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I am beginning to go to a trauma therapist and she practices this. So i looked it up on youtube.. to see how the session would look.




I was wondering what was your experience? i am a bit doubtful, i hope this doesn't offend anyone, but it looks like hypnotherapy...is it a form? Do you feel it actually helped? How long did it take before you noticed a huge change?






Somatic Experience


I would just like to know how the therapy session goes with this... what is the actual process?





I appreciate anything you can share and you responding to this post. I posted this in this part of the forum because it's mostly used for PTSD. I am scared that once i tell my past to this therapist that she will just call me a big drama queen in nicer words lol.


Anyway!! Thanx!

Edited by CherryBlossom

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EMDR does end up with kind of a hypnotic effect for some people. I can see why you'd wonder if it was a form of hypnosis. Some people have found EMDR to be incredibly effective for their trauma, so much so, that it's considered an evidence based practice for PTSD.


Your tdoc should work with you to set up safety in the relationship before 'diving in' to EMDR. You should have good grounding techniques at your disposal as well as relational safety with your therapist.


Having said that, the trauma I had was very much about breach of trust and the experience I had with EMDR was not very helpful for me. I found that I tended to get "flooded" and stuck instead of being able to process through memories in the time allowed for the sessions.


The theory behind somatic experiencing makes a lot of sense to me from a neuro-physical-psychological perspective. Peter Levine's book Waking the Tiger is one of the seminal books about trauma theory that I think every tdoc and pdoc who work with trauma should read. 


Did you see the little example of "anger" at the end of this video clip? How he notices/brings awareness to how he's holding his jaw and fists? SE is all about bringing awareness to how the emotions are held in the body, then going a little deeper into them and then releasing them a bit just to see what happens and what changes you notice. It can be pretty subtle but can also be really powerful, especially if you connect with big emotions underlying the physical state.

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I was afraid to do EMDR because it felt too much like hypnosis to me.  But it is hugely supported by scientific studies to be effective.  And I have heard from others that it was very helpful.  It's very popular where I live and I had a hard time finding a therapist who was willing to work with my trauma without using EMDR. 


The therapist I ended up working with had me talk about the worst of the memories.  I cried, and let out the emotions, and it helped.  I think my therapist was a very special lady because I had years of physical and sexual abuse/torture, and that must have been hard for her to hear.  I can't remember everything that happened because I often disassociated when I spoke about the trauma, but as I went on with the therapy, I disassociated less.  Now I can talk about what happened with little disassociation.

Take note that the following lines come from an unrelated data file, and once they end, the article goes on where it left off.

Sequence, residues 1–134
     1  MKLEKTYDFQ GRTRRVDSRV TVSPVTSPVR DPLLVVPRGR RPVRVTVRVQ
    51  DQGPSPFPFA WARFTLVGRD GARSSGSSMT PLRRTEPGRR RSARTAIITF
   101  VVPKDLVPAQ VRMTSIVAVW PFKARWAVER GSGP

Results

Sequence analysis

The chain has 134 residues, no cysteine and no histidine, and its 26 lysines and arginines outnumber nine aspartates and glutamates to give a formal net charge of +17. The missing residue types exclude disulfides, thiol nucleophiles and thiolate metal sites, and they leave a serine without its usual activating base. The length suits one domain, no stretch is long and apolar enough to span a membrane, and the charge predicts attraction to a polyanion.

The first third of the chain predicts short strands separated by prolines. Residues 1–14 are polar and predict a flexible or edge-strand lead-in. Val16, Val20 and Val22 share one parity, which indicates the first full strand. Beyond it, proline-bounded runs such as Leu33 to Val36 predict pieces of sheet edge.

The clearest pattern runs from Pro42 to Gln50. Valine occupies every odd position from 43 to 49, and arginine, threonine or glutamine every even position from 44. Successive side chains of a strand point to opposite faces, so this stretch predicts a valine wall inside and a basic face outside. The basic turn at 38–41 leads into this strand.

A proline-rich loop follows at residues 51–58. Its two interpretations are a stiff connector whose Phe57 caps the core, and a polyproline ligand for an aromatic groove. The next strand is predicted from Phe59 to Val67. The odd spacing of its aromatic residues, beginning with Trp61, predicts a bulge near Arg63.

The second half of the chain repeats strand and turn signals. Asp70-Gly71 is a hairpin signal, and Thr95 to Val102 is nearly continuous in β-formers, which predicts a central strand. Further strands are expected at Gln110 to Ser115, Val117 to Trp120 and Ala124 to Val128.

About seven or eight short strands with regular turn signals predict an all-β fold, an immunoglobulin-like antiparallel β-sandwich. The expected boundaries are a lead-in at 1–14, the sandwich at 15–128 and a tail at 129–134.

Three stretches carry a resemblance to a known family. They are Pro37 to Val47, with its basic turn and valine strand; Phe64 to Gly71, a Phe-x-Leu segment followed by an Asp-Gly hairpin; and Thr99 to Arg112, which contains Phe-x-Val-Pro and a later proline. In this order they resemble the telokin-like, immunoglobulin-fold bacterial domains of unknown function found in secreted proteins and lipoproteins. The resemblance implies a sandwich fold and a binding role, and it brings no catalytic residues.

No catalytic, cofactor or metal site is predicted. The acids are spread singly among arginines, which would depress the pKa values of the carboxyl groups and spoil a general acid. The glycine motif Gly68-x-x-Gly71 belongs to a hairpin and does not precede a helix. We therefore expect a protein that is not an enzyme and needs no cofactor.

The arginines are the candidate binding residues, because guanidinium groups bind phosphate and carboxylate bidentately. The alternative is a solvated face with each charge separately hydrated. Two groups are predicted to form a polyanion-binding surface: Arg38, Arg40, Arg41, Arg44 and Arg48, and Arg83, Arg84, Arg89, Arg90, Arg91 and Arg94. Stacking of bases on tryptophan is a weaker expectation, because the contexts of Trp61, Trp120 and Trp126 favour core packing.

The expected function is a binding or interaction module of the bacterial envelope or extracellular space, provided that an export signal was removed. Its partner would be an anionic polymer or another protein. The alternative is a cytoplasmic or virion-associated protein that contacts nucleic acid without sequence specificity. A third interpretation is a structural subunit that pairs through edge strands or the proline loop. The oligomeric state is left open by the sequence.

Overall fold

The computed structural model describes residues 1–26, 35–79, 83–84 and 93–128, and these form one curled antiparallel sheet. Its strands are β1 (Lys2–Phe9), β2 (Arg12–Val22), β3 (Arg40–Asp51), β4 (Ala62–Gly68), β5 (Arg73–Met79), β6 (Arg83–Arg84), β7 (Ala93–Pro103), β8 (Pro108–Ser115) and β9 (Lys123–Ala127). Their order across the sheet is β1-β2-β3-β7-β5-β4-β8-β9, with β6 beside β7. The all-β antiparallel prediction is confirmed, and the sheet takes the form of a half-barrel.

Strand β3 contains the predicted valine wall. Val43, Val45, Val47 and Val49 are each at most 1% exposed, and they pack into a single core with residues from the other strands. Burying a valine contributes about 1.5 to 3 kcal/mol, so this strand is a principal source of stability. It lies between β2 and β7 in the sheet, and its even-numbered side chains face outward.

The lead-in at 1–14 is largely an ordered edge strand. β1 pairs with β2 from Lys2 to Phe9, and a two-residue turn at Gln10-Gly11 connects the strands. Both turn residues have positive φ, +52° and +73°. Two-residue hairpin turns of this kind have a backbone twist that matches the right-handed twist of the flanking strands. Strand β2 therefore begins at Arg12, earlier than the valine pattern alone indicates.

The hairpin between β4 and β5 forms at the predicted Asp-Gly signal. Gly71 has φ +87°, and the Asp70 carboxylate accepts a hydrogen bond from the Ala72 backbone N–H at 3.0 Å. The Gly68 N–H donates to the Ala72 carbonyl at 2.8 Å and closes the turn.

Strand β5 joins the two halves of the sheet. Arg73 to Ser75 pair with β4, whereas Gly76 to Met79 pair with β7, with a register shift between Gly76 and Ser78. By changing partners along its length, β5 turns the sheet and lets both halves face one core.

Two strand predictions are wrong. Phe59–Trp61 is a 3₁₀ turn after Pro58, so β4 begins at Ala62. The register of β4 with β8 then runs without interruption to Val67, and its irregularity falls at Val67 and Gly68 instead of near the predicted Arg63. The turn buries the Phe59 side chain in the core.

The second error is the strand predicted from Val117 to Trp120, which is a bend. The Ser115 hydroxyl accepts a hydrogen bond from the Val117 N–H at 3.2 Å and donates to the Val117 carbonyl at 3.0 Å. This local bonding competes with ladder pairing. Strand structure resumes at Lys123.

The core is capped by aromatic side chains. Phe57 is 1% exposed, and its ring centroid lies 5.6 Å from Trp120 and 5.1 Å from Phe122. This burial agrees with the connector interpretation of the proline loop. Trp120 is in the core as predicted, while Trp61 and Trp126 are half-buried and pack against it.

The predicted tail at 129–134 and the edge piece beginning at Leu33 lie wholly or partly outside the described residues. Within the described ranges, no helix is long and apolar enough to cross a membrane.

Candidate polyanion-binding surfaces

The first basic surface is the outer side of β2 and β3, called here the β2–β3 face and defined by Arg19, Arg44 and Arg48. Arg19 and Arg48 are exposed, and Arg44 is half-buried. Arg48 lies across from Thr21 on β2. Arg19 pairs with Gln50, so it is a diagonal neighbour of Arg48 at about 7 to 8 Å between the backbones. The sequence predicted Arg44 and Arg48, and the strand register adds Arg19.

My therapist also had me ground myself and brought me back from disassociation by using physical grounding.  For example, we would go for a walk, and she would have me focus on my movements.  Or one time, she gave me hand lotion that had little beads in it.  I put the lotion on my hands, and focused on the sensation, and that brought me back. 


I do believe my trauma has been healed.  I don't dissociate like I used to.  I'm not in abusive relationships anymore.  I don't have flashbacks very often (and when I do, I go in to see my therapist for a tune up).  


I think the explanation of Somatic Experience looks interesting.  I know I still carry a lot of the trauma around in my body.  I have chronic pain, and chronic health issues that I believe are a result of my holding the trauma in my body for so many years. 

Edited by lavender fairy
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Appreciate all your experiences..thoughts..and advice thank you!!!

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There is one difference between somatic experience (peter levine) and sensormotor psychotherapy (pat ogden) is that sensorimotor focuses more on a theory that people need 'complete' an action sequence that they could not at the time of the trauma (e.g pushing somebody away, punching). I didn't find that part specifically helpful at all and I really disliked it. Noticing what my body was doing WAS helpful, and that was more down the path of mindfulness. 

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